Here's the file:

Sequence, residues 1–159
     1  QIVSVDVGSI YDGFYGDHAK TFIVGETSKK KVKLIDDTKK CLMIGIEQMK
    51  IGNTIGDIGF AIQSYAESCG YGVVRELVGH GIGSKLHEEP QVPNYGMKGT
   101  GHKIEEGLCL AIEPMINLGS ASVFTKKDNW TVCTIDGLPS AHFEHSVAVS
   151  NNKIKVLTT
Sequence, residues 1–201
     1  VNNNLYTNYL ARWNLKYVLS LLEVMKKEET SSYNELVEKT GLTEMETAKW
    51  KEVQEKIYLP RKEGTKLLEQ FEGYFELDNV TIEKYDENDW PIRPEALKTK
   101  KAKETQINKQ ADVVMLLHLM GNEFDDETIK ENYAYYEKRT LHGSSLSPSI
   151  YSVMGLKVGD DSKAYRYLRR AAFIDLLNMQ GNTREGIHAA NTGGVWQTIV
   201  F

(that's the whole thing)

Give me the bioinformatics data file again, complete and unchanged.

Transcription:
Sequence, residues 1–159
     1  QIVSVDVGSI YDGFYGDHAK TFIVGETSKK KVKLIDDTKK CLMIGIEQMK
    51  IGNTIGDIGF AIQSYAESCG YGVVRELVGH GIGSKLHEEP QVPNYGMKGT
   101  GHKIEEGLCL AIEPMINLGS ASVFTKKDNW TVCTIDGLPS AHFEHSVAVS
   151  NNKIKVLTT
Sequence, residues 1–201
     1  VNNNLYTNYL ARWNLKYVLS LLEVMKKEET SSYNELVEKT GLTEMETAKW
    51  KEVQEKIYLP RKEGTKLLEQ FEGYFELDNV TIEKYDENDW PIRPEALKTK
   101  KAKETQINKQ ADVVMLLHLM GNEFDDETIK ENYAYYEKRT LHGSSLSPSI
   151  YSVMGLKVGD DSKAYRYLRR AAFIDLLNMQ GNTREGIHAA NTGGVWQTIV
   201  F